The industrial commodities sector that fuels factory production is sending worrisome signs to a global shipping business concerned with whether the economy is passing through a proverbial soft patch or heading toward something worse.
Amid a range of conflicting economic indicators that sent expectations on a roller-coaster ride in the year’s second quarter, the Industrial Price Index produced by the Economic Cycle Research Institute and The Journal of Commerce took a clear turn downward in recent weeks, signaling the industrial sector is cooling off heading into the summer.
The trend runs counter to comments from many analysts who say the U.S. economy is merely taking a breather in a long, choppy recovery from the worst recession in decades, and that growth will accelerate later this year and produce a solid increase in shipping volume.
Lakshman Achuthan, co-founder and managing director of the New York-based Economic Cycle Research Institute, says ECRI data point to a “pronounced, pervasive and persistent” growth slowdown that “is going to stick around for a couple of quarters, maybe more.
“I’m afraid it’s not a soft patch. It’s not something that’s a one- or two-month affair,” he said in a recent CBS interview. “The global industrial sector, which had been running pretty hot, has started to cool off.”
Achuthan said the negative turn was signaled early this year by ECRI’s Long Leading Index and confirmed by other ECRI data, including the firm’s Weekly Leading Index. The weekly index includes data from the JOC-ECRI Industrial Price Index.
Over the years, the Industrial Price Index has proved a reliable gauge of inflation in a broad range of industrial materials. The IPI tracks 18 commodities, some of which aren’t traded on exchanges. A rise in their prices indicates rising demand, and vice versa.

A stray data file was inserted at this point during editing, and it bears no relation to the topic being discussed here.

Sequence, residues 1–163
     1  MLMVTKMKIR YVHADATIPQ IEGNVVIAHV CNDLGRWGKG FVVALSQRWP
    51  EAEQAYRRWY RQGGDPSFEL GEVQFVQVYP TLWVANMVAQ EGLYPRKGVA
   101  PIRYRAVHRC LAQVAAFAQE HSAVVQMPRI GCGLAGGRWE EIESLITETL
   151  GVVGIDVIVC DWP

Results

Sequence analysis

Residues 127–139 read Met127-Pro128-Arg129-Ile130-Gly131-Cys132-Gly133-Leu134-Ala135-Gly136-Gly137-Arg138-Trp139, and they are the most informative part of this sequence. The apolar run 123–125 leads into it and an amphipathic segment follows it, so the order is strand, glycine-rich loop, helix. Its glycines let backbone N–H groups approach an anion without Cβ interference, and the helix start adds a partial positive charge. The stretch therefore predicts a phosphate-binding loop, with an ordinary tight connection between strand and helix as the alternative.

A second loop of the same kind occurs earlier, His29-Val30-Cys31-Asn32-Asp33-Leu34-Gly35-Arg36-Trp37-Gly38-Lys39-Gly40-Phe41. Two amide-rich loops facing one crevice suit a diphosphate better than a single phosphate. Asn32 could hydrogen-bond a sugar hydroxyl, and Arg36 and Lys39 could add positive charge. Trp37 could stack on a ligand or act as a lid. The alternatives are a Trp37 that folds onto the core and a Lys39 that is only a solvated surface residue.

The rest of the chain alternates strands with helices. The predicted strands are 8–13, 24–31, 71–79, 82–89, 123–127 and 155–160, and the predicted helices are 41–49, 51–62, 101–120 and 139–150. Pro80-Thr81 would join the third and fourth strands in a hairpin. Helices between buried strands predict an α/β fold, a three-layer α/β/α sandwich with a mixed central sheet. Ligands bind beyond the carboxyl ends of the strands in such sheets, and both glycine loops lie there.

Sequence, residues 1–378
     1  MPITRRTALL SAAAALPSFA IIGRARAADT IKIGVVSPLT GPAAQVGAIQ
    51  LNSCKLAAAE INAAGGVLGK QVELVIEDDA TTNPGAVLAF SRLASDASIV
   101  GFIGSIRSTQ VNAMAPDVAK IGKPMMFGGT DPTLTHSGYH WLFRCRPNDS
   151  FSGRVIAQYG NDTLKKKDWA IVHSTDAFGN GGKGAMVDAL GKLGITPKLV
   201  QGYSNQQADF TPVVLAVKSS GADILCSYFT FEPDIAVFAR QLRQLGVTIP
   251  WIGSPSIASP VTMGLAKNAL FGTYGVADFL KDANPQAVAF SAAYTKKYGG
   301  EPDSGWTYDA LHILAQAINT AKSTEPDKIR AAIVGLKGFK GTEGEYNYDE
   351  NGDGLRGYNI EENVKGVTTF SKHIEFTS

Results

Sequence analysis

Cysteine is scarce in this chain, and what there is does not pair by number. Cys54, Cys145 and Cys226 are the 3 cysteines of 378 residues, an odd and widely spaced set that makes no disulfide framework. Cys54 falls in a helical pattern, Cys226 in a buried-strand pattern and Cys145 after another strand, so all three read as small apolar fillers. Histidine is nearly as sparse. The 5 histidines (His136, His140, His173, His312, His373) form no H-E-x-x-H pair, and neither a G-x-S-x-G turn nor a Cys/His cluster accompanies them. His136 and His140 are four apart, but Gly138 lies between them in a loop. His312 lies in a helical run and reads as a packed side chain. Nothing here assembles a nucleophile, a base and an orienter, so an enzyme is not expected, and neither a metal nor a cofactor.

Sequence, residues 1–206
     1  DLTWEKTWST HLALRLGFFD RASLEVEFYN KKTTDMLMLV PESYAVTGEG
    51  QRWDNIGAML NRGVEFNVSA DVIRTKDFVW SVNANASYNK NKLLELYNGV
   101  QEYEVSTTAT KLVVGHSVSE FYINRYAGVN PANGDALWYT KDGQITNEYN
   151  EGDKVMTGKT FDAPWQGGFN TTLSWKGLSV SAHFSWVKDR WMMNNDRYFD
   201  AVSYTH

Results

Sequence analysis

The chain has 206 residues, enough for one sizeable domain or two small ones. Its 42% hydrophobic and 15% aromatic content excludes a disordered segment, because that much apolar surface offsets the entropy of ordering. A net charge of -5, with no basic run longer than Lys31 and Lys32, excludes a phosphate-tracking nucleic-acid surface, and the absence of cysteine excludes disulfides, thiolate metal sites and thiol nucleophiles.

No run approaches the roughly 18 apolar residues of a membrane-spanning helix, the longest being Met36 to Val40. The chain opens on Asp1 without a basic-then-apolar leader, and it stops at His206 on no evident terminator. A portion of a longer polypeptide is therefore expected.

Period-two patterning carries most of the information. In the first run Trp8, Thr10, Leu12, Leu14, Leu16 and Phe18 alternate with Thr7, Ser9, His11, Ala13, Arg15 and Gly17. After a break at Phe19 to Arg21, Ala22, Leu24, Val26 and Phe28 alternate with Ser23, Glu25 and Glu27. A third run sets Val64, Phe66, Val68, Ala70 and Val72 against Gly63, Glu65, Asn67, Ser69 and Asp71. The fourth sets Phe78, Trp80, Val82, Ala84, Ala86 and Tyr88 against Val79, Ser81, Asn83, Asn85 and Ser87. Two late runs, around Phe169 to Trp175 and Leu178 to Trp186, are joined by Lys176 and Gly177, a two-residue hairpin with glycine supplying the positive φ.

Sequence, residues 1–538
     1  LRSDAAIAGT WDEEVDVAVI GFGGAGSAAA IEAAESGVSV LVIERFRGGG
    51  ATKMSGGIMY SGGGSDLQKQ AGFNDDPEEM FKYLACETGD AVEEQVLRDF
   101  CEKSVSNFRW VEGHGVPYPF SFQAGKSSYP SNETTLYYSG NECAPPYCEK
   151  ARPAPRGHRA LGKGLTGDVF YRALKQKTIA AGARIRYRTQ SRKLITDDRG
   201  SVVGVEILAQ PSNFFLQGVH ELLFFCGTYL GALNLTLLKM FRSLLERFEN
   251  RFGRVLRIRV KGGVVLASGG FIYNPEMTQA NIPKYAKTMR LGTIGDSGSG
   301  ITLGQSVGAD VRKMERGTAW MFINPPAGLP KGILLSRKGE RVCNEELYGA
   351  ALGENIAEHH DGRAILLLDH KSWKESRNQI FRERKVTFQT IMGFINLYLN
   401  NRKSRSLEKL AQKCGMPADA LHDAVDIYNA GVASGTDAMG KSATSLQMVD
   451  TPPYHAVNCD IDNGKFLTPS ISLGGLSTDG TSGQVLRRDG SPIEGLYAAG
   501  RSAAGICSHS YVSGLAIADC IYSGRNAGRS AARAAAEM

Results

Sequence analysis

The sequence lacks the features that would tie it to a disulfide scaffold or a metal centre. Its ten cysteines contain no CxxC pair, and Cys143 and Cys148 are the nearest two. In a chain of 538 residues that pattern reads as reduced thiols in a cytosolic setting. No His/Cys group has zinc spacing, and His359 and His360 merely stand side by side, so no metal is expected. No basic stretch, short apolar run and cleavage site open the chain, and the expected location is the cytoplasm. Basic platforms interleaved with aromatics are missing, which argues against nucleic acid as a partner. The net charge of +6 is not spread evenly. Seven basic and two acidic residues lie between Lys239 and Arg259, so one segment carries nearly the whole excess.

ECRI data over recent weeks indicate slower growth in the coming months. On June 24, ECRI’s Weekly Leading Index and its annualized growth rate reached their lowest point since December, an indication the economy is entering a downward cycle.
Achuthan’s outlook is at odds with those of most analysts, who expect economic growth to accelerate in the second half of this year.
The median forecast of 67 economists polled by Bloomberg News last month called for U.S. GDP to rise 3.2 percent in the second half of the year. IHS Global Insight expects GDP to grow 3.5 percent in the second half, a sharp increase from the revised 1.9 percent growth the government reported for the first quarter and 2 percent projected in the second quarter.
FedEx, whose shipments are a barometer of economic activity, forecasts GDP to rise from 1.9 percent in the second quarter to 3.5 percent in the third and 3.4 percent in the fourth, for a total increase of 2.5 percent for 2011. FedEx expects GDP to rise 3 percent in 2012.
“The near-term softness in the economy will be temporary,” FedEx CEO Fred Smith told analysts in a conference call last month. “Going forward, we see stronger economic growth.” He cited falling oil prices, Japan’s earthquake recovery effort and tight inventories, and said industrial demand will lead recovery.
“Unlike most economic forecasters, FedEx is actually talking to hundreds of thousands of customers,” Smith said. “This is information that’s infantry-based. It’s not 50,000 feet; it’s based on what the folks that provide our volume are telling us.”
Journal of Commerce Economist Mario O. Moreno expects import-export growth to rise during the next two quarters, but at a slower rate than in the year’s first half. He lowered his forecast for full-year growth in U.S. containerized imports to 4.7 percent from 6.7 percent earlier this year, citing weak jobs and housing markets.
Government statistics indicate personal spending remains tepid, with consumers squeezed by high gasoline prices, an unemployment rate that topped 9.1 percent last month and near-stagnant personal income.
“Persistent high unemployment, a weak housing market, high fuel prices and inflation all put pressure on consumers,” Walgreen CEO Greg Wasson said in a June 21 earnings call. He echoed other retail executives in saying customers have trimmed discretionary spending and are focused on essential purchases.